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Workasaurus Lives. Send Help. Or Doughnuts.

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If you’ve been around these parts before you’ll know all about Workasaurus.

It’s back. And it’s angry.

And it’s preventing me from baking … and blogging.

All I want is to mix some dough and fry a doughnut.

Is that too much to ask?

Sigh.

Ciao!

The Daring Bakers: Panna Cotta

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The February 2011 Daring Bakers’ challenge was hosted by Mallory from A Sofa in the Kitchen. She chose to challenge everyone to make Panna Cotta from a Giada De Laurentiis recipe and Nestle Florentine Cookies.

Daring Bakers! How are you?! It has been awhile, my goodness.

I am attempting to correct my wayward Daring Baker ways in 2011 and I begin with this lovely panna cotta from Mallory.

Over the years, Daring Baker’s challenges have spanned a wide variety of difficulty levels. Some challenges have been complex and others have been more straightforward.

Straightforward or not, it’s always fun to try a challenge that you haven’t made at all or perhaps have not made very often.

This would be the case with panna cotta. While I’ve made panna cotta a few times, I haven’t made it often and I can’t say that I’ve ever made it particularly well.

Mallory’s challenge has changed that. She used a panna cotta recipe from Giada De Laurentiis as the base for the challenge and added a twist by asking people to make florentine cookies to accompany the panna cotta. While I didn’t get to the florentines, I did make the panna cotta and my goodness was it delicious.

It’s sweetened with honey and sugar and I loved the flavour of the cream and honey.

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I went with a very simple panna cotta so as to increase my chances of success with this one.
I made a quick strawberry-cranberry jam to use as a colourful (and delicious) layer.

I’d like to thank Mallory for being such a great hostess and for helping me to make my first DB challenge of 2011 a success!

Ciao!

February 2011 Daring Bakers’ Challenge recipe.

For the Strawberry-Cranberry Jam:

1 cup sliced strawberries
1 cup frozen cranberries
1/4 cup water
2 tbsps. sugar
1 tsp. grated orange zest

Place the strawberries and cranberries in a saucepan. Add the water and heat over medium heat until boiling.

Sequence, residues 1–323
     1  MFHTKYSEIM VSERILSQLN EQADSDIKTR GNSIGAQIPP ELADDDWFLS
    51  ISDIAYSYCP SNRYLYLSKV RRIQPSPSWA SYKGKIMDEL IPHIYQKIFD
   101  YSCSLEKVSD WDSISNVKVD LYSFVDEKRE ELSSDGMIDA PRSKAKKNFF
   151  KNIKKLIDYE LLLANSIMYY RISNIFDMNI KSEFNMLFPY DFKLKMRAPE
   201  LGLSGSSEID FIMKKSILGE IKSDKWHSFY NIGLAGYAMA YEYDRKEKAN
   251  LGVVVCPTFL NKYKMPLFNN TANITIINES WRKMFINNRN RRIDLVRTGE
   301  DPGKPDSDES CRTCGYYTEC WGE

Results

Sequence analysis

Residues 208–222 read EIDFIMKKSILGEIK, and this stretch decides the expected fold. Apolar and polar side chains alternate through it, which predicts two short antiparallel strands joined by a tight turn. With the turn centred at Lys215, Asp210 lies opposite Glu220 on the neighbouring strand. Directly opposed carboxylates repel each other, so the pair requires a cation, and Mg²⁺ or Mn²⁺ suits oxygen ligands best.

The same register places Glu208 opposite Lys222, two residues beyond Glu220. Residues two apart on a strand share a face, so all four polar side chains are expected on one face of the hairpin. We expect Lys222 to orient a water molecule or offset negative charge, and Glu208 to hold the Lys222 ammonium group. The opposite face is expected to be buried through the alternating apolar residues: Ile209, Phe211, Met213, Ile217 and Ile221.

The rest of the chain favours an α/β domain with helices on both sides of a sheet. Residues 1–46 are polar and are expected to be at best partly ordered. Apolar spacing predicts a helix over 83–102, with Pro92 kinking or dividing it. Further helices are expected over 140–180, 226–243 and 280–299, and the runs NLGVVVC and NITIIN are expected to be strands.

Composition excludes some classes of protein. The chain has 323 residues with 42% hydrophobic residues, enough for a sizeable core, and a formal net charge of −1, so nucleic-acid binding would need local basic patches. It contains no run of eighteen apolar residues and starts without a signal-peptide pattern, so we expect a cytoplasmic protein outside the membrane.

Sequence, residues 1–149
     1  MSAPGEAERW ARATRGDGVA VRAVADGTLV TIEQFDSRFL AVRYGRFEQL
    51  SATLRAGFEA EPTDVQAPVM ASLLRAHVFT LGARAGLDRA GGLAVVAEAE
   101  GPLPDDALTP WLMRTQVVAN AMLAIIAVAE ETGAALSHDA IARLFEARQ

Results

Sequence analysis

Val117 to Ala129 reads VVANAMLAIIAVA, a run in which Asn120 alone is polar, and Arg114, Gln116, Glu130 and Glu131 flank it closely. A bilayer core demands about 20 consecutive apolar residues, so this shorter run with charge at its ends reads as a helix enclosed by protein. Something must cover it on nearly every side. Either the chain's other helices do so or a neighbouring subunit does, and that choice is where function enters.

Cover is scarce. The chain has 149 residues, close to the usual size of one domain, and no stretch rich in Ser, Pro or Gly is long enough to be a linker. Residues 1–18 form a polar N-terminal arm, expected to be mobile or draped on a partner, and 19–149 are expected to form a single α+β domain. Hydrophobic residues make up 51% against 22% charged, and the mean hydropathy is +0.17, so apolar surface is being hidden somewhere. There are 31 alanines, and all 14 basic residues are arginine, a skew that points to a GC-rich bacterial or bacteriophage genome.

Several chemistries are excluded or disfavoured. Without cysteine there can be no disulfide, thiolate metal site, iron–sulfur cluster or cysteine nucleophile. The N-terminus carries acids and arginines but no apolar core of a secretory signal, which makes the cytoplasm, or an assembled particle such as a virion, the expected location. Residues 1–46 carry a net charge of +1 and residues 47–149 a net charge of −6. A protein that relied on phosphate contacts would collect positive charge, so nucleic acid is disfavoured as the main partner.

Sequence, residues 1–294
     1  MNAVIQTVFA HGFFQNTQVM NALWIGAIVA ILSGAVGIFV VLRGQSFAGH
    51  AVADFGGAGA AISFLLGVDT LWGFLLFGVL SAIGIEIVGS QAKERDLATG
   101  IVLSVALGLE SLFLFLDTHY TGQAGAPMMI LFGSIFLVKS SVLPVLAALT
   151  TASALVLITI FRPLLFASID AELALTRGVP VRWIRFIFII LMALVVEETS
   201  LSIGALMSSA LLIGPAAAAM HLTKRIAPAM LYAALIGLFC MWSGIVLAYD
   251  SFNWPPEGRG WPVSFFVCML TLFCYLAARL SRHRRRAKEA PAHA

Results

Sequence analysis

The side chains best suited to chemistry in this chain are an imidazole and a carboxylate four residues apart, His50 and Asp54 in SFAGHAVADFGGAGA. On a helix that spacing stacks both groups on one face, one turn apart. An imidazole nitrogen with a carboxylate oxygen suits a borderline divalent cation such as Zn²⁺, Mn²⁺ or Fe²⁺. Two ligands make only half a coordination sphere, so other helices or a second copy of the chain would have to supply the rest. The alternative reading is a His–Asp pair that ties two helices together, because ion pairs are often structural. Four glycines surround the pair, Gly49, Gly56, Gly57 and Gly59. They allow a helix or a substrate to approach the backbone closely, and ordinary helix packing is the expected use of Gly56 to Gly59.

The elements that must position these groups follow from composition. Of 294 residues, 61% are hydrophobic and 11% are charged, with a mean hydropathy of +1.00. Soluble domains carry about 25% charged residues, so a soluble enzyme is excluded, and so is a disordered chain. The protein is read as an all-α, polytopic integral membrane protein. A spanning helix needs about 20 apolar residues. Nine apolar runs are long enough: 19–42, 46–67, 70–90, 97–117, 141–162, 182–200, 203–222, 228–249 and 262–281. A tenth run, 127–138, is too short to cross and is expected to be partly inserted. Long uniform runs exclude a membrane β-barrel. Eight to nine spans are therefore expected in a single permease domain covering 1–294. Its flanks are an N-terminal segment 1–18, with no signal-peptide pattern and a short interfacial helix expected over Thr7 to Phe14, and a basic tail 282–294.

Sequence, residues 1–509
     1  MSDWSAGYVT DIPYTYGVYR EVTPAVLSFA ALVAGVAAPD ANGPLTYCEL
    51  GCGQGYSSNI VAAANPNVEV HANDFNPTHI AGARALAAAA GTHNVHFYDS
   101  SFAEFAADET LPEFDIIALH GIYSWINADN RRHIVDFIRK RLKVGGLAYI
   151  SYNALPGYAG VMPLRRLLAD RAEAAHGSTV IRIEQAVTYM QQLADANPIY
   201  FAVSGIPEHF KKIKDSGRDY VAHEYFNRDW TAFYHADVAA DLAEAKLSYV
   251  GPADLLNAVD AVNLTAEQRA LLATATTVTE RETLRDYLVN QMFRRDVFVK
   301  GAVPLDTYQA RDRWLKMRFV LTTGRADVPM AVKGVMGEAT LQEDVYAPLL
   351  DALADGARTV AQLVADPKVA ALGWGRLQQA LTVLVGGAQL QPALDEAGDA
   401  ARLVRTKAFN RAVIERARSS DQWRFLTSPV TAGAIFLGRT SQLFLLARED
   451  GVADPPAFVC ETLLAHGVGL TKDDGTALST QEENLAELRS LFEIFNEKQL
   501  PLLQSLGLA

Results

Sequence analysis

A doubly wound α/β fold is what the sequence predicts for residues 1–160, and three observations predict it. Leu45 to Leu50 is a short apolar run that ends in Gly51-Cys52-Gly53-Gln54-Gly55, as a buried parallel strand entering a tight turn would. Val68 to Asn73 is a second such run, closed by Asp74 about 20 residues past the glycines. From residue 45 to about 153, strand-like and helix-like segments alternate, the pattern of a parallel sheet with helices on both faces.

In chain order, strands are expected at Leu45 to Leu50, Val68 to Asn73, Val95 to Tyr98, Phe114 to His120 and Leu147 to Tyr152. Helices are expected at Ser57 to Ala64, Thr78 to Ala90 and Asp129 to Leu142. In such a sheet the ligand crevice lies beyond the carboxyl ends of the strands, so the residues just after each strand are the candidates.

Add the sugar and orange zest and stir.

Lower the heat but be sure to keep the fruit at a steady simmer.

The fruit will slowly cook down and form a thick jam. This could take 15 to 20 minutes.

Remove the jam from the heat and let cool completely.

Note: To use this as a layer in a panna cotta, fill your container partway with the panna cotta mixer and then place it in the freezer until it’s set enough to hold a layer of fruit (20 to 30 minutes). Spoon on a layer of jam and then return to the freezer for 15 minutes to help set the jam. Top the jam layer with the remainder of the panna cotta liquid and then refrigerate as indicated in your recipe.

My One and Only

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If you have an Italian background and grew up in a household where Italian food traditions were maintained, I’m willing to bet pastina was a big part of your formative years.

For me, pastina refers to the soup dish that we were all fed as children: chicken broth with tiny pasta in it. Most often, the pasta shape we used is what we would call acini di pepe. But we just referred to the dish as pastina.

It was a code word for comfort.

It didn’t matter what part of Italy your family came from, every kid knew what pastina was.

We had it once a week, at least, and your mother’s pastina was always better than anybody else’s mom’s pastina.

I miss those days.

Chicken broth, or brodo di pollo, is near and dear to my heart. In fact during the fall and winter months, if I don’t have it at least once a week I feel like I’m missing something.

Now that I’m a grown up (when did that happen?!), we experiment with other pasta shapes like stelline or tubetti. But truth be told, what I really love to see floating in my chicken broth are quadrucci.

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Quadrucci are squares of fresh pasta. Once you make a batch of fresh pasta, you roll it out and then run it through the pasta cutter to form fettuccine. Once formed, you gather the strands of pasta and cut them into tiny squares.

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The squares of fresh pasta are spread out on a tablecloth or on a large pan covered with a cloth and allowed to dry. You can then use the squares right away or you can freeze them and use them in soup as you need them.